1812 ENGLISH POETRY 1579-1830: SPENSER AND THE TRADITION

Amelia Opie

Stephen Jones, in Biographia Dramatica; or, A Companion to the Playhouse (1812) 1:552-53.



MRS. OPIE was born at Norwich about the year 1772, and is the daughter of Dr. Alderson, a physician of that city. At an early period Miss Alderson was distinguished by great fertility of invention, and evident marks of a superior mind; and she is even said to have composed dramatic pieces and novels, as well as poems, at an age when others have scarcely completed their education. Many of these poems, and we believe one novel, have been published anonymously. On the 8th of May 1798, Miss Alderson became the wife of the late celebrated Mr. Opie, an artist who died in the very first rank of his profession, April 9, 1807. Mrs. Opie has shown her regard to his memory by editing and publishing his Lectures on Painting, delivered at the Royal Academy, with memoirs of his life, 4to. 1809. The writings of Mrs. Opie exhibit the strength of her judgment, and the goodness of her heart. The Father and the Daughter, in opposition to the fantastic fictions which have disgraced the regions of romance, this amiable writer professes to be — a tale, founded in simple nature; and as such, perhaps, there never was a composition better calculated to rouse the passions in the cause of virtue, and to correct that false sensibility, that degenerating excess of sentiment, which have been proved to be incompatible with the real interests of humanity. It has not only had a very extensive circulation in this country, but has been twice translated into the French language. Since that, she has published a tale in three volumes, entitled Adeline Mowbray; or, The Mother and the Daughter, 1805, the laudable object of which was, to check the progress of the new philosophy. Mrs. Opie's poems are generally characterized by sweetness, simplicity, and pathos; her songs are exquisitely tender, and will help, in no trifling degree, to rescue this species of poetry from the neglect into which it has unhappily fallen. Numberless are the occasions on which Mrs. Opie has exerted her talents for the benefit or consolation of the distressed. With these views, many of her poems have been expressly composed; and The Orphan, and Negro Boy's Tales; The Dying Daughter's Address to her Mother; and The Felon's Address to his Child; are monuments of her feeling and benevolence, which cannot be too highly praised.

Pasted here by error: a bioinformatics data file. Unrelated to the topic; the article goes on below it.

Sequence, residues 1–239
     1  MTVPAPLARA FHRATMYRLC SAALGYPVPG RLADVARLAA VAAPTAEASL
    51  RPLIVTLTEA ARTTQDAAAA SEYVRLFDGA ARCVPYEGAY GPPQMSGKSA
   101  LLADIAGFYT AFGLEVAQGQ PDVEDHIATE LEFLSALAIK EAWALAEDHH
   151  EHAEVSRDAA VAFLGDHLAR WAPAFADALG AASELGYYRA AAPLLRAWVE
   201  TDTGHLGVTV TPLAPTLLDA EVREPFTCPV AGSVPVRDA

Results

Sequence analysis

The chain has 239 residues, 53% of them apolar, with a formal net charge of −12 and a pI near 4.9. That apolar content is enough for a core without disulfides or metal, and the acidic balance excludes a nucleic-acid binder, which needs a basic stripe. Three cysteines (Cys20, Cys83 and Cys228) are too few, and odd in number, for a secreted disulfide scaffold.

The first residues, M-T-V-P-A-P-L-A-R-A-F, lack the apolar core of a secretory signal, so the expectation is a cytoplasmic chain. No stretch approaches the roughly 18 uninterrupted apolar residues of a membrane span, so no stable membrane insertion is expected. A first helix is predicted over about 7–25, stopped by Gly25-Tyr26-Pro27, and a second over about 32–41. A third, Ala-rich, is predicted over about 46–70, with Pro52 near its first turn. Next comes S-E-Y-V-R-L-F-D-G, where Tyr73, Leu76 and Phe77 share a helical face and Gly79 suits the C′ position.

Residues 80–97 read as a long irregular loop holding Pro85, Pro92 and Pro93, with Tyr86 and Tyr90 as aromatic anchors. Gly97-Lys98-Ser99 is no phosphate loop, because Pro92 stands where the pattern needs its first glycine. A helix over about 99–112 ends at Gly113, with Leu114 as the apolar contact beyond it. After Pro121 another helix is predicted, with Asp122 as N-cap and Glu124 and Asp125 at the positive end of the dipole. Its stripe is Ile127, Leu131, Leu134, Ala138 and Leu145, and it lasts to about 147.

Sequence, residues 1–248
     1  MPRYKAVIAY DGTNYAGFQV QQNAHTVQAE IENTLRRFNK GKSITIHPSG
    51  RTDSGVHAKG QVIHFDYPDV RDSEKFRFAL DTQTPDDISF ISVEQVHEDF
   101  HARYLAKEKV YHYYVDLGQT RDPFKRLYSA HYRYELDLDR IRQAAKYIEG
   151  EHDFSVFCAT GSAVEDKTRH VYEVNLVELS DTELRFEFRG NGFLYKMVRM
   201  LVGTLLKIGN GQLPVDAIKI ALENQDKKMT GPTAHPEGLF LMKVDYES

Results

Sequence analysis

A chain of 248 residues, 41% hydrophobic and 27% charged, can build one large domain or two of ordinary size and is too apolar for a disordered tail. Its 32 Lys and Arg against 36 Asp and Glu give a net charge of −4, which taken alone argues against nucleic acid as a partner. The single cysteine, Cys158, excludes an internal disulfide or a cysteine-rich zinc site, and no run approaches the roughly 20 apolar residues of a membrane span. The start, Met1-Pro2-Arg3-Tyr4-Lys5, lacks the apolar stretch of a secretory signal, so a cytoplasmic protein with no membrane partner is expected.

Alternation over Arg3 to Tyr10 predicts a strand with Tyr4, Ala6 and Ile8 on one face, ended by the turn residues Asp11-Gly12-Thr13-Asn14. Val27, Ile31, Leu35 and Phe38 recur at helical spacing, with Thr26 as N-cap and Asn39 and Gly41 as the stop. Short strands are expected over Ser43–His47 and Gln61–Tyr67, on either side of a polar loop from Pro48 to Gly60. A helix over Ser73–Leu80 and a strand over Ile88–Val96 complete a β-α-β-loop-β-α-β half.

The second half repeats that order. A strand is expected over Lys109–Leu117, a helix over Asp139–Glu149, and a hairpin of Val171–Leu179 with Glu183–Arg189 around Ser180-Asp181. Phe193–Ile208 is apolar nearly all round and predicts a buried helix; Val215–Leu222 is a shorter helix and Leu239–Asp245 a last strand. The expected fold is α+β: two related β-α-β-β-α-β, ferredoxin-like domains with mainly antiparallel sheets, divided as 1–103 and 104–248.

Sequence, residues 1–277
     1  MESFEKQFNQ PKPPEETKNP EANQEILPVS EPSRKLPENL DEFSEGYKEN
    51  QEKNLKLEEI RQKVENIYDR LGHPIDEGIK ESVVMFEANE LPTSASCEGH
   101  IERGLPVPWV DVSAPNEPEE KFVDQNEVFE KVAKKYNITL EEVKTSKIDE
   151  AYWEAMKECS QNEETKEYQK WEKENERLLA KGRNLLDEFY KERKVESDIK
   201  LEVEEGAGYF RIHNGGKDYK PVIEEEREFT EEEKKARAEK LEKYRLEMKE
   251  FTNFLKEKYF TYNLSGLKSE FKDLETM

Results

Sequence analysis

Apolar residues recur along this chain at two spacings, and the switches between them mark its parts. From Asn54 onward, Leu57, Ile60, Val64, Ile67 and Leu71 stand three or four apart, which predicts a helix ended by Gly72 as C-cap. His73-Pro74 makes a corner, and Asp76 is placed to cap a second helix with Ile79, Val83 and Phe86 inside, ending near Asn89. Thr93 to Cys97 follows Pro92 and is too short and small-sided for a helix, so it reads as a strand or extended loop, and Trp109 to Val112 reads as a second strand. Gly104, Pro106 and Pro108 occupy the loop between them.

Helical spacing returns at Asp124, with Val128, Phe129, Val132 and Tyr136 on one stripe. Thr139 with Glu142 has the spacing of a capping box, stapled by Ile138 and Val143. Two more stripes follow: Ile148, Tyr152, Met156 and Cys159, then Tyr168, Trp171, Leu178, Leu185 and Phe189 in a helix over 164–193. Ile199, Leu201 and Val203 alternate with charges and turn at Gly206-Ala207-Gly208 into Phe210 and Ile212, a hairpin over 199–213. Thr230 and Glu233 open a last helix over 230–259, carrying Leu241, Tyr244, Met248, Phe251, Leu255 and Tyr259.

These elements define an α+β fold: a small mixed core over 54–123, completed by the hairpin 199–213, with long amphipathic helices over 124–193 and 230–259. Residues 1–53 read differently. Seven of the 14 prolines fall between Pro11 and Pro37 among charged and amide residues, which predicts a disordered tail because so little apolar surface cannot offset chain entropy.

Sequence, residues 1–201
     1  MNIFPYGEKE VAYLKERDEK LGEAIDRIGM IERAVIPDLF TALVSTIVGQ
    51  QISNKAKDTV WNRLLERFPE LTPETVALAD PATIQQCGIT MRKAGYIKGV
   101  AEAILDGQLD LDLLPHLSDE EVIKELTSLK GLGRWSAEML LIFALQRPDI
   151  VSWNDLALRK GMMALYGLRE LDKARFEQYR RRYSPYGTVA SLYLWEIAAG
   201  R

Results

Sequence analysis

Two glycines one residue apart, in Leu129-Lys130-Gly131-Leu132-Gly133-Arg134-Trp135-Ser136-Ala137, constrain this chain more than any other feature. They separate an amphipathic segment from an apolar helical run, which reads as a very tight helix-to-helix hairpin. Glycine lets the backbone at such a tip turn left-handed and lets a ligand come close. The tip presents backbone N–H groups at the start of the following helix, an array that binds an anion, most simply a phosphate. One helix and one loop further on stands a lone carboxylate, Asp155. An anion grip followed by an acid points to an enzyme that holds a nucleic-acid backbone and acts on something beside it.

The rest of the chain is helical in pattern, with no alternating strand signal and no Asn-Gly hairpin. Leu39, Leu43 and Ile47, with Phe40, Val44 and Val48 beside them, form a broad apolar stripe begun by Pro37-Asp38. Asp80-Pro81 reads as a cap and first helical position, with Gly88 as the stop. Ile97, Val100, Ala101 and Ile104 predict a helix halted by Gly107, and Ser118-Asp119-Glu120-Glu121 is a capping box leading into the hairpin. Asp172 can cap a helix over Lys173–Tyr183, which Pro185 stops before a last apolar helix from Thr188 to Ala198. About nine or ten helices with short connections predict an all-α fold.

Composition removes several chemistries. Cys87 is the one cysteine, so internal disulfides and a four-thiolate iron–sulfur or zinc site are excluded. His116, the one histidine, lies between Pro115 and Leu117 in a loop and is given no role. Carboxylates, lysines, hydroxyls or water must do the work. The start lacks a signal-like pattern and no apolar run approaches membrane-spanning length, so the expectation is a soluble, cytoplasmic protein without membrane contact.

As a dramatist, we know but of one production of hers, viz.

Adelaide. Trag. N.P.